# Binary search algorithm

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In computer science, binary search, also known as half-interval search,[1] logarithmic search,[2] or binary chop,[3] is a search algorithm that finds the position of a target value within a sorted array.[4][5] Binary search compares the target value to the middle element of the array. If they are not equal, the half in which the target cannot lie is eliminated and the search continues on the remaining half, again taking the middle element to compare to the target value, and repeating this until the target value is found. If the search ends with the remaining half being empty, the target is not in the array.

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Class Visualization of the binary search algorithm where 7 is the target value Search algorithm Array O(log n) O(1) O(log n) O(1) Yes
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Binary search runs in logarithmic time in the worst case, making ${\displaystyle O(\log n)}$ comparisons, where ${\displaystyle n}$ is the number of elements in the array.[lower-alpha 1][6] Binary search is faster than linear search except for small arrays. However, the array must be sorted first to be able to apply binary search. There are specialized data structures designed for fast searching, such as hash tables, that can be searched more efficiently than binary search. However, binary search can be used to solve a wider range of problems, such as finding the next-smallest or next-largest element in the array relative to the target even if it is absent from the array.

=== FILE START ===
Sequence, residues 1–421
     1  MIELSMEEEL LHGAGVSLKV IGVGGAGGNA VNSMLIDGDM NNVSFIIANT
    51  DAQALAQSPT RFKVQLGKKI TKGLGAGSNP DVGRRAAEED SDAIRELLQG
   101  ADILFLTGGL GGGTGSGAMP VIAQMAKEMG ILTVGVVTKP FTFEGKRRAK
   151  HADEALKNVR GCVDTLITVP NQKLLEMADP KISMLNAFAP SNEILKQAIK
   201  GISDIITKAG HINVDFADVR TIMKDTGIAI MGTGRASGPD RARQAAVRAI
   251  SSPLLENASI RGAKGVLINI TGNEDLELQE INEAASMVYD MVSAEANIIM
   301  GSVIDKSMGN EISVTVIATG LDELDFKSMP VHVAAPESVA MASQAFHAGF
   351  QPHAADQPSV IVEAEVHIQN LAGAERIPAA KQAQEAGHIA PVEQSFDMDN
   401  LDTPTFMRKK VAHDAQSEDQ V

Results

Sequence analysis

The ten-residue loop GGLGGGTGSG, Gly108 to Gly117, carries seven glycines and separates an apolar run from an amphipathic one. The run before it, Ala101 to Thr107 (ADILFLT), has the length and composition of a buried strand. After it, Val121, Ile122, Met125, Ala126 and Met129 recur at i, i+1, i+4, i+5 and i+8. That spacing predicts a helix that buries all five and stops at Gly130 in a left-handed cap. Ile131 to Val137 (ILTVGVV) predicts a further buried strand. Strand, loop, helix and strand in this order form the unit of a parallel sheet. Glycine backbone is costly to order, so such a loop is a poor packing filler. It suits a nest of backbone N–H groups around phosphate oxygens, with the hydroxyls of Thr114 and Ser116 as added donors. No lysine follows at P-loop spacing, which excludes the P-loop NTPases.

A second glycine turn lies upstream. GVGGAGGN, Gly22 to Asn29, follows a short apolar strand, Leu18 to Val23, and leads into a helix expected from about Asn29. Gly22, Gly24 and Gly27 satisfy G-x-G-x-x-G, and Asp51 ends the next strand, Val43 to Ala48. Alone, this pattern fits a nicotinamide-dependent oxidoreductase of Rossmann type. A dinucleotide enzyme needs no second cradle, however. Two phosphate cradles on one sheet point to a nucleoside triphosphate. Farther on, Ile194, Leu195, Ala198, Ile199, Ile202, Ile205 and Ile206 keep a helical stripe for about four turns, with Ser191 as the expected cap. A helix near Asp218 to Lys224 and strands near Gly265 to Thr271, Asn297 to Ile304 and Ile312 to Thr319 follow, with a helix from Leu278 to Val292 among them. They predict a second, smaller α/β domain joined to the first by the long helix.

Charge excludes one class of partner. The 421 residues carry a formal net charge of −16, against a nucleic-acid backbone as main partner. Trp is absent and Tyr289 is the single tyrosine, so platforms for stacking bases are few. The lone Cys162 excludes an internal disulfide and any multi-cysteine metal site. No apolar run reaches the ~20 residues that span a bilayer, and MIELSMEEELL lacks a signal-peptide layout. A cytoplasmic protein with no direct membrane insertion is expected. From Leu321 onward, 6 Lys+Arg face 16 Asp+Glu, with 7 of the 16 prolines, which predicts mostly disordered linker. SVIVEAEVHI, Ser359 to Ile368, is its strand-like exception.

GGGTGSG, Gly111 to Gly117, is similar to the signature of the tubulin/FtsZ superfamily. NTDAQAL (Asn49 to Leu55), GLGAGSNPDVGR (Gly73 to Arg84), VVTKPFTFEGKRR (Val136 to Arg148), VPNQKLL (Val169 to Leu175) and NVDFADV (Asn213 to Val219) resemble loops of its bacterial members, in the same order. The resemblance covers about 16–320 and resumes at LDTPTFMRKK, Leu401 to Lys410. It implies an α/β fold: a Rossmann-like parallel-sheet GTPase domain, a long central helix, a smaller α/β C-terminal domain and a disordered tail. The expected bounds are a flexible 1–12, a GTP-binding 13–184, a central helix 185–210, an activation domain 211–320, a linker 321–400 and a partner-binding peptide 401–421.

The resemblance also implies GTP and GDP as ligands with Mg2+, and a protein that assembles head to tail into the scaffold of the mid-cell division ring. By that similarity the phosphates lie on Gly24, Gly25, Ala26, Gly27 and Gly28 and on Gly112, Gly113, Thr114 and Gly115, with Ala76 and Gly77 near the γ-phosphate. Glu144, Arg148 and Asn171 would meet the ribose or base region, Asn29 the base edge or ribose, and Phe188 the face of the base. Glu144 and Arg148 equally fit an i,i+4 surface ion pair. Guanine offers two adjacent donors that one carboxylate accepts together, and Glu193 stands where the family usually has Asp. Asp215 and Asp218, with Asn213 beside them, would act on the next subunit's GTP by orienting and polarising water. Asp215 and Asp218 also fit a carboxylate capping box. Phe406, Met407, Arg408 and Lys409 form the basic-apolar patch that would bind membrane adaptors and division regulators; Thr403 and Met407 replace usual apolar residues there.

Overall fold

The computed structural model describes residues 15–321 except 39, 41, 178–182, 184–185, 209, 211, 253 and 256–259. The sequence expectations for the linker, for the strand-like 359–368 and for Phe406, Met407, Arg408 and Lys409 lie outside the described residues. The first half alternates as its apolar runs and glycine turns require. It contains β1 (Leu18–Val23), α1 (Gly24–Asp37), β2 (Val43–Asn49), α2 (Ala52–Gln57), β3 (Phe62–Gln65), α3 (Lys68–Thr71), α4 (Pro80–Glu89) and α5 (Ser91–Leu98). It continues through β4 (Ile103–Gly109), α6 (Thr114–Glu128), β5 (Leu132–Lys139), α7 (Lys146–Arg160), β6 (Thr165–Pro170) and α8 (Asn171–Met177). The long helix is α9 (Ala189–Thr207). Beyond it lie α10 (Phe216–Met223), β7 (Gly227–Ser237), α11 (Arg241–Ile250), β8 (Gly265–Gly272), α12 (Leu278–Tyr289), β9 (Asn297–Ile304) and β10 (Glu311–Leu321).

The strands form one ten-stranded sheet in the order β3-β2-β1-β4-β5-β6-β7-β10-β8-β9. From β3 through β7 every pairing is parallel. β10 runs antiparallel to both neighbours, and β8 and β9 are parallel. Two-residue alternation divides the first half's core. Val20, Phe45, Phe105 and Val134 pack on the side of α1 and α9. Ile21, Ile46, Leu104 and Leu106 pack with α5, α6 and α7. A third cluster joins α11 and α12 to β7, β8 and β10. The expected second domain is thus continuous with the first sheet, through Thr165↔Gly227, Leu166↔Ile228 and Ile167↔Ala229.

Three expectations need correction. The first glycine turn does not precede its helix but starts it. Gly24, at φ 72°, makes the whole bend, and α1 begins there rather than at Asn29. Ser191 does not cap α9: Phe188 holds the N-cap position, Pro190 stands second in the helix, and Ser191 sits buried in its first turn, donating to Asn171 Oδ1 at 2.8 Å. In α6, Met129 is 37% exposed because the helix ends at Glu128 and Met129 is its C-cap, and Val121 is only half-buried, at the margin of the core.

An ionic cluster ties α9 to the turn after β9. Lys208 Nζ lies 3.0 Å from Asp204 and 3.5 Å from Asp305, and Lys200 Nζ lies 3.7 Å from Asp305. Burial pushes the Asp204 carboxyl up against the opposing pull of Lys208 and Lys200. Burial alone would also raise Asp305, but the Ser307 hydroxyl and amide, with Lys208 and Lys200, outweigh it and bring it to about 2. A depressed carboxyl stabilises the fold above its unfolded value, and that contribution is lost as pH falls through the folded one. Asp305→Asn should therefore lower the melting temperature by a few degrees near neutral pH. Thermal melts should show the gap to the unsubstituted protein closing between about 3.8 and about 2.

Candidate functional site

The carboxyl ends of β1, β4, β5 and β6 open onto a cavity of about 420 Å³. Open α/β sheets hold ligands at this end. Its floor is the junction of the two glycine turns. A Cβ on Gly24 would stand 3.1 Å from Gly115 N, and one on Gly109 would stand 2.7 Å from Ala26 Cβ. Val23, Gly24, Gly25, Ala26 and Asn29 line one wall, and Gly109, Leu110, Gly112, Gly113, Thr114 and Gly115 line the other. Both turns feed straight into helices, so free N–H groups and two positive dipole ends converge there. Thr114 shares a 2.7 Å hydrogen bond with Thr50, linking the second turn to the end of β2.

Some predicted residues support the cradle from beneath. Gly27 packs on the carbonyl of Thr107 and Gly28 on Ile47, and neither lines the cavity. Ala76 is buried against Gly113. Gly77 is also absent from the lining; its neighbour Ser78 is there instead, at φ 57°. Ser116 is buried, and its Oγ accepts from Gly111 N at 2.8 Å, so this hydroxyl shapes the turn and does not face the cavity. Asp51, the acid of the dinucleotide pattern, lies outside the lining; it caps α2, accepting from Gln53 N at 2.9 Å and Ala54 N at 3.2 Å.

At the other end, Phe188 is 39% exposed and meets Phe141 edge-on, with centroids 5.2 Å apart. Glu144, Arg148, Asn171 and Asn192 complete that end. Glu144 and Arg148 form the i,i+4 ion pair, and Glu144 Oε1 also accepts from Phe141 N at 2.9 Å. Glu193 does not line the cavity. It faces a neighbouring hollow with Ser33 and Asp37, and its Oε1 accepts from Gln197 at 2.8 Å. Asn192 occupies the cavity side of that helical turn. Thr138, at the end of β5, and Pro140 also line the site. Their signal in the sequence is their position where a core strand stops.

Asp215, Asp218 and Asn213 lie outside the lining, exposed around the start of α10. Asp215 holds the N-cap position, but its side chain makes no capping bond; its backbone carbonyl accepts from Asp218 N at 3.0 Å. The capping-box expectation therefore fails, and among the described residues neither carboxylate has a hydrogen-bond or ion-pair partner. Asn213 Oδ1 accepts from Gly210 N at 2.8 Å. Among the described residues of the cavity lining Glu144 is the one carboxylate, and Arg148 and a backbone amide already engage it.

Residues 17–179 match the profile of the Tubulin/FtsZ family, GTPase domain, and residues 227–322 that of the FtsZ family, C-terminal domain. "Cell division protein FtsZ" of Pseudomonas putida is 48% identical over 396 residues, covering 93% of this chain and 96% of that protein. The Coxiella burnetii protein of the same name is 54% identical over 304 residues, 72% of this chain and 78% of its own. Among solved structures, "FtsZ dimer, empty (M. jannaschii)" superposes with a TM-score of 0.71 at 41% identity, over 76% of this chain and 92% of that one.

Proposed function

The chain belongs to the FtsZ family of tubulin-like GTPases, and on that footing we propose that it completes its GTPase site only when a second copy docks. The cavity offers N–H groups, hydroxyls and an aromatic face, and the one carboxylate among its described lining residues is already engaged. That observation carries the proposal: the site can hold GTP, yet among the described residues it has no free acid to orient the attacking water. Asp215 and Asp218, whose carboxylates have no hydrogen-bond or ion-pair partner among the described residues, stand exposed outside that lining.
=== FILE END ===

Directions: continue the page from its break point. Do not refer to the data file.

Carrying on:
There are numerous variations of binary search. In particular, fractional cascading speeds up binary searches for the same value in multiple arrays. Fractional cascading efficiently solves a number of search problems in computational geometry and in numerous other fields. Exponential search extends binary search to unbounded lists. The binary search tree and B-tree data structures are based on binary search.

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